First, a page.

Isère 4th (France) by-election

Isere's 4th covers most of the south of the department (source: geoelections)

The first round of a legislative by-election in Isère’s 4th constituency was held on Sunday, May 29. The by-election came as a result of the nomination of its long-time incumbent PS deputy, Didier Migaud, to the presidency of the French Cours des Comptes, by President Nicolas Sarkozy.

Isère’s 4th constituency took its current shape in 1986, when the immediate southern working-class suburbs of Grenoble were removed from the seat, which covers a large and diverse areas including Grenoble’s exurbs, parts of the plateaus of the Vercors and Trièves, an old mining and industrial basin (La Mure and La Romanche) and ski resorts. This varied sociological makeup makes for a constituency which is traditionally a swing seat. That is, quite amusingly, well concealed since 1988. Indeed, only Didier Migaud has represented the constituency since then. A moderate and pragmatic Socialist, he built a strong personal vote since 1988 and was one of the few survivors of 1993 and won re-election in 1997, 2002 and 2007 with huge majorities (62.8% in the 2007 runoff). The constituency is far more Migaudienne than it is Socialist. At the presidential level, however, it remains far more divided. Jospin won it narrowly in 1995 but Sarkozy carried it with 50.7% in 2007. The UMP, however, did particularly badly here (comparatively) in 2009 and 2010, likely the result of the rapid erosion of UMP votes in two major sociological categories dominant in the constituency: the suburban middle-class and the working-class. The Greens have a base here like in most of southern Isère, and environmental issues related to highway construction are big issues here. The Greens won around 22% in the European elections and fell to roughly 19% in the regionals. The FN won around 11% in 2010, up from 8.8% for Le Pen in 2007. It performed particularly well in Linet-et-Gavet and Oulles, two old mining towns in La Romanche.

The UMP never had much of a chance here, and its bench is rather weak. It did nominate the strongest candidate possible, Fabrice Marchiol, mayor of the old mining town of La Mure and who commands an impressive personal vote in a traditionally left-leaning village. The PS nominated Marie-Noëlle Battistel, a close confidante of Migaud and mayor of the small village of La Salle-en-Beaumont. The Greens, FN, Left Front and the Liberal Alternative all nominated candidates.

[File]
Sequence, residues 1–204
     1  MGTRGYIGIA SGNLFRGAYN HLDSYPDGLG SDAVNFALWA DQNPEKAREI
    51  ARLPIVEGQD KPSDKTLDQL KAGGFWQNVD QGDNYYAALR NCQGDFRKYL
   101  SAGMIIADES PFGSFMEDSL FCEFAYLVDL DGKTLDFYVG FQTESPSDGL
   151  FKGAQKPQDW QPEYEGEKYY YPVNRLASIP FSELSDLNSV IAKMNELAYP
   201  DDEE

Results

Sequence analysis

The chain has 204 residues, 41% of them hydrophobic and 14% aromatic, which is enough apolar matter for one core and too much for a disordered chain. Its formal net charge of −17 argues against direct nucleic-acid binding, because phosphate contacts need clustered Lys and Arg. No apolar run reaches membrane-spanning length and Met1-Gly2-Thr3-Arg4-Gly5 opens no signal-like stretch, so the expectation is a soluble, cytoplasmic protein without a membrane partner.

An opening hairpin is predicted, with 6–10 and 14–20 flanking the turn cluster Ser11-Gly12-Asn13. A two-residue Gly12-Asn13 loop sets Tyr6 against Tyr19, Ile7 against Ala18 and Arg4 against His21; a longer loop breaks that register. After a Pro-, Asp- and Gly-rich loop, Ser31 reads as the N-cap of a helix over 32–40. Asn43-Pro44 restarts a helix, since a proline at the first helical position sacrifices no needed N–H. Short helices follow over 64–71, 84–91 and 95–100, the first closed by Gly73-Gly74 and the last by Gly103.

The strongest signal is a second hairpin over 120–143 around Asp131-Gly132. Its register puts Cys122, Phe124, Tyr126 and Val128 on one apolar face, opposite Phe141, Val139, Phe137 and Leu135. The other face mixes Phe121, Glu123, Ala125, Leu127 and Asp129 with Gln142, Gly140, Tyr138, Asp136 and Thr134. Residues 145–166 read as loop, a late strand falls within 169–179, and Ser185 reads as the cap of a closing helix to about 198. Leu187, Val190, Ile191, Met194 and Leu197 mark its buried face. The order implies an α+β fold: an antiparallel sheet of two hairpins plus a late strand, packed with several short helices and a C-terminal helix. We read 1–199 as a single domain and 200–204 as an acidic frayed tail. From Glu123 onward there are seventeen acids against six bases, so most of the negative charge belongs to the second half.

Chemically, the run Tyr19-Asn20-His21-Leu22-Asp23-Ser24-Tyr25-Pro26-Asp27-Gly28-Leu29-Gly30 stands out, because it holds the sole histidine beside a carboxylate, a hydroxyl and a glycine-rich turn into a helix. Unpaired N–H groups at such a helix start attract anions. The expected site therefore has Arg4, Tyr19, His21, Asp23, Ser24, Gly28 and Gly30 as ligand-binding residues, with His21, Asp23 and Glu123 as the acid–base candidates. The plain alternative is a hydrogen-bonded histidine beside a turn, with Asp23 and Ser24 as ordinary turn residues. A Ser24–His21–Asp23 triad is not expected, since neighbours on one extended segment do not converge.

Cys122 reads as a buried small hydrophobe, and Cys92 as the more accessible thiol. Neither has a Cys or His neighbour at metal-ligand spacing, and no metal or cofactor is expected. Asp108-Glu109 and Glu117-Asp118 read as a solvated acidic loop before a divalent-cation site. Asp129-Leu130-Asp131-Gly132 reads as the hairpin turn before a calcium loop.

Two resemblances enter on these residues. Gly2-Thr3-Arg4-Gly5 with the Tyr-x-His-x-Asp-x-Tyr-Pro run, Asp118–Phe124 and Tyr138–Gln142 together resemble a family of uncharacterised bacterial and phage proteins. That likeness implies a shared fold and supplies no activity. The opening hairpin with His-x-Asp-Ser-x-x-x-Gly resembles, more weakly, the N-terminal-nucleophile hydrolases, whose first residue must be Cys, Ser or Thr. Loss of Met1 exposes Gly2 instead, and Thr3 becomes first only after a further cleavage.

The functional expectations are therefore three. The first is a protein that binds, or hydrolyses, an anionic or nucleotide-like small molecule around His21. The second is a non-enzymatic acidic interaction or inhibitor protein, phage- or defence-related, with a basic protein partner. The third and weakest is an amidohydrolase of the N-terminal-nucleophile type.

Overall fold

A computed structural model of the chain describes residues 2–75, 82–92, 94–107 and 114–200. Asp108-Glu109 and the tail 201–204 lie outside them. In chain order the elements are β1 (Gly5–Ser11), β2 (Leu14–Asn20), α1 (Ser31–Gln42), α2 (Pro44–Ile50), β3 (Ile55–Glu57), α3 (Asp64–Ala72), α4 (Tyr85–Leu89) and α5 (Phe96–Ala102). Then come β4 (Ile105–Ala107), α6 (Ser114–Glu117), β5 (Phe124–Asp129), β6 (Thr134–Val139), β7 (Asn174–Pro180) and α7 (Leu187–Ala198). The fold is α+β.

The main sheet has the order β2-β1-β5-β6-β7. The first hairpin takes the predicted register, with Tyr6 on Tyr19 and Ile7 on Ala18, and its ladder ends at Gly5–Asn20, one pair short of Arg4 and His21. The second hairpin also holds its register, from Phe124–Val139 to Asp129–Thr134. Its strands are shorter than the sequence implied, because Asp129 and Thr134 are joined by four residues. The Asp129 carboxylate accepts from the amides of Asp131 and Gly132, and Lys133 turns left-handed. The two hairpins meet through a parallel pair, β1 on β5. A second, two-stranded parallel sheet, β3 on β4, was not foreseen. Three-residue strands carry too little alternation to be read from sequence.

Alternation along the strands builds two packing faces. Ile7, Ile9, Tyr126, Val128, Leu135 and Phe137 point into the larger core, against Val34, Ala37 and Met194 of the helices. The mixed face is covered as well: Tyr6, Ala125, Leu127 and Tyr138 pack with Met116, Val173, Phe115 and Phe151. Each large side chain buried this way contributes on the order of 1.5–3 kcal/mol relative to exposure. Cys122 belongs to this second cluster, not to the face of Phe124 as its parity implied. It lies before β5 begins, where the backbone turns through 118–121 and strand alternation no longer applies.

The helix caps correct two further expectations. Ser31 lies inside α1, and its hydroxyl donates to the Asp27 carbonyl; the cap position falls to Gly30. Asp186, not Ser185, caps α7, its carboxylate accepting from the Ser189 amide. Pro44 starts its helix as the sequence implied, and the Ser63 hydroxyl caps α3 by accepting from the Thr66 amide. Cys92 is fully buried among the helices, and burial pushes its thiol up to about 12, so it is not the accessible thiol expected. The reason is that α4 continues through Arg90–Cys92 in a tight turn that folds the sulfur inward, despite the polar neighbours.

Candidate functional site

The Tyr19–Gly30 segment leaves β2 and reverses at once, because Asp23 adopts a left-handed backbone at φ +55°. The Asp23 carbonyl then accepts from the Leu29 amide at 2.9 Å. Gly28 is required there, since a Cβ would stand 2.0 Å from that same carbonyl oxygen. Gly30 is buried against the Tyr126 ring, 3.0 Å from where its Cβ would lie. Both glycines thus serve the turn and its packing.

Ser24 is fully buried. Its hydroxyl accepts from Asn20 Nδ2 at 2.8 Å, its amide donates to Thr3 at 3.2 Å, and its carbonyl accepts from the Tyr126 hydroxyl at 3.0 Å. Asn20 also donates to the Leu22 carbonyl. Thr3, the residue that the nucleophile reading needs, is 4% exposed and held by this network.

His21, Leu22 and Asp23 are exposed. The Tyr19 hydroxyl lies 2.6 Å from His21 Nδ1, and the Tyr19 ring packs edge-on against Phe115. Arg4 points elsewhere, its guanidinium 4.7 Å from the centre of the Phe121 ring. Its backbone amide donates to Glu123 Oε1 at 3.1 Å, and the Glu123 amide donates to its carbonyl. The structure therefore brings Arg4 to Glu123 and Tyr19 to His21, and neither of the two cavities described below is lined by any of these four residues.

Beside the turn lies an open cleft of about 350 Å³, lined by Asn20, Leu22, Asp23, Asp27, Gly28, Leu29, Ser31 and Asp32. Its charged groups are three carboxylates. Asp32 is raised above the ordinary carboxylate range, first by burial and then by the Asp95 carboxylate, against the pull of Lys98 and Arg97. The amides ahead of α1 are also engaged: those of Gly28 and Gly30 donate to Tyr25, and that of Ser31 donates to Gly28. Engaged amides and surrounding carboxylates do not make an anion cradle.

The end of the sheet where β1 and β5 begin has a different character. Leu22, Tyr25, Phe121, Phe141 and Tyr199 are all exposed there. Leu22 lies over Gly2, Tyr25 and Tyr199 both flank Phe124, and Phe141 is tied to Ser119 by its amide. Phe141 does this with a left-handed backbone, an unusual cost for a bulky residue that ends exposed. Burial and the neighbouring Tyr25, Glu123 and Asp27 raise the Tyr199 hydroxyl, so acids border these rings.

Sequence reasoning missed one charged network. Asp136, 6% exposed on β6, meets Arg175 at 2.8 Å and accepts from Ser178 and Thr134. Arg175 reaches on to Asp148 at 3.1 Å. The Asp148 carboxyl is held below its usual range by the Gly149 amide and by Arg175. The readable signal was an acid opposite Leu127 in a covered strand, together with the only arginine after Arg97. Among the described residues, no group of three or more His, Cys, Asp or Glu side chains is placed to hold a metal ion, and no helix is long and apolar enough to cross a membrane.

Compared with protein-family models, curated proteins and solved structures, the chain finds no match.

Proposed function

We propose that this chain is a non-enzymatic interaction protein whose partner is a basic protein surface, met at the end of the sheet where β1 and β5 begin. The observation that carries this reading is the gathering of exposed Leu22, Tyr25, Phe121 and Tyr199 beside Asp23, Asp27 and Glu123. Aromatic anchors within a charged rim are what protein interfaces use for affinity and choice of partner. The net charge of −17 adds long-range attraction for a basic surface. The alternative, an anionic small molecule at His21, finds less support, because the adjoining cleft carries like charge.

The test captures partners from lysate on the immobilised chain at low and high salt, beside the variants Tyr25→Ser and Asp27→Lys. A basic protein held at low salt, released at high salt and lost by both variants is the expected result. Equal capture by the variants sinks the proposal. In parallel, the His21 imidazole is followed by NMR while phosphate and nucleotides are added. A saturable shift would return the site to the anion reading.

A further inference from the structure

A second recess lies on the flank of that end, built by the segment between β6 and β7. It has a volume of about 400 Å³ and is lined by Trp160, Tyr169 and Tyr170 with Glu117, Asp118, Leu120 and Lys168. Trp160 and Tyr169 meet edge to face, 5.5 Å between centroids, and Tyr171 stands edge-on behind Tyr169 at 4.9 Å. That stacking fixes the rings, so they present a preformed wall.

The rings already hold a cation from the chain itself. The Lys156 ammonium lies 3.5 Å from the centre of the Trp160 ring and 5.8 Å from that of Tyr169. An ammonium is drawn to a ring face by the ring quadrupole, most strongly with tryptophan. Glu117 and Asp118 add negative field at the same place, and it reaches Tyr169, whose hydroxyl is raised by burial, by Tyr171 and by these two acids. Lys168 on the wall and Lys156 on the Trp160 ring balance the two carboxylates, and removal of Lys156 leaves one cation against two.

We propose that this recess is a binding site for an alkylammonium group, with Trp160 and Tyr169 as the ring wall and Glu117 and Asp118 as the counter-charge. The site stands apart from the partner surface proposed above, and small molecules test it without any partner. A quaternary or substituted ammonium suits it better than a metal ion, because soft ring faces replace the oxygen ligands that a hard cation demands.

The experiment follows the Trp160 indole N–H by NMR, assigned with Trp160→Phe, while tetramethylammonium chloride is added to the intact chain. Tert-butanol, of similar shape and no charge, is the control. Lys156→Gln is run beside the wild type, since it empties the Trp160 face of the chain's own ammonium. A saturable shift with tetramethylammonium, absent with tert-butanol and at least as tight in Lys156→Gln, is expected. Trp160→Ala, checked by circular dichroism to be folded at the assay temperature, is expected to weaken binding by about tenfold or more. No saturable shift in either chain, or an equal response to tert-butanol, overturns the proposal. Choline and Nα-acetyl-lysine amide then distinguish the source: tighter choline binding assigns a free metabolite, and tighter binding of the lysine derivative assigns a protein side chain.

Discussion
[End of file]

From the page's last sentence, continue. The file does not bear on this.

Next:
Marie-Noëlle Battisel (PS) 39.31% (-7.27%)
Fabrice Marchiol (UMP) 32.93% (+1.23%)
Anne Parlange (Europe Ecologie) 12.63% (+8.94%)
Mireille d’Ornanon (FN) 7.4% (+4.02%)
Laurent Jadeau (FG) 6.81% (+4.75%)
Arnaud Walther (AL) 0.92% (+0.92%)

turnout 29.85%

This is a nice example of a by-election with no real winners. The PS, obviously, never had much of a chance to stay at Migaud’s high levels and its fall from 46.6% in 2007 was to be expected. The PS’ result is the worst percentage-wise since 1997, and its raw vote total is lower than in 1993. Of course, Migaud does mess things up a bit. On the positive side, it does stay ahead of the field even with a strong-ish UMP candidate and a weak-ish candidate of its own. The UMP’s result, while superior to its regional results, could have expected far better with the Marchiol candidacy and its strong base in La Mure (where he won roughly 53% or so), but its 33% result is very weak for the party, even in this climate. The Battisel campaign wasn’t very good and the UMP could have capitalized on that and its strong candidate, but it utterly failed to do so. It does only narrowly better than the party’s paper candidate had done in 2007. While Europe Ecologie seems to be well implanted in the region and the local political scene, it has seen its share of the vote dwindle from 19% in March to only 12.6% today. Whether that is the effect of low turnout, the sign of the beginning of the “fall of the Greens” from 2009 or just a local result based on local factors is up to you. The FN’s result is down from a high of 11% in the regionals, but the reason behind this, whether it be low turnout games or a real decline in the FN overall is up to you. FG’s vote is narrowly down since the regionals as well, but it can be pleased with its result. No comment on the joke candidacy, though I’m surprised it won up to 0.9%.

The left weighs 58.75% (against 57.96% in the regional runoff) against 33.85% for the right (41.25% with the far-right). The right alone was worth 29.95% in March. The low turnout gives the UMP a reason to hope for a victory they know they won’t get, but assuming turnout stays the same (I can’t really recall a legislative by-election with a major turnout boost over both rounds), the left is favoured to win a strong victory, with anywhere from 58% to 61-62%. It would be quite funny if the PS won a larger victory than Migaud did in 2007. That would be bad for the right.

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Posted on June 2, 2010, in By-elections, France. Bookmark the permalink. Leave a comment.

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